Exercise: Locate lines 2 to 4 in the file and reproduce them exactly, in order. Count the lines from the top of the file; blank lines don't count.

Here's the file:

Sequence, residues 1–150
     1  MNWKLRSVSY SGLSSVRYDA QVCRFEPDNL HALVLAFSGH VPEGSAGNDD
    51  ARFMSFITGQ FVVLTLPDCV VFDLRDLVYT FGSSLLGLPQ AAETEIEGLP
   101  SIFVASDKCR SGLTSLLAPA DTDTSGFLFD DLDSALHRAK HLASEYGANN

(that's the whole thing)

     1  MNWKLRSVSY SGLSSVRYDA QVCRFEPDNL HALVLAFSGH VPEGSAGNDD
    51  ARFMSFITGQ FVVLTLPDCV VFDLRDLVYT FGSSLLGLPQ AAETEIEGLP
   101  SIFVASDKCR SGLTSLLAPA DTDTSGFLFD DLDSALHRAK HLASEYGANN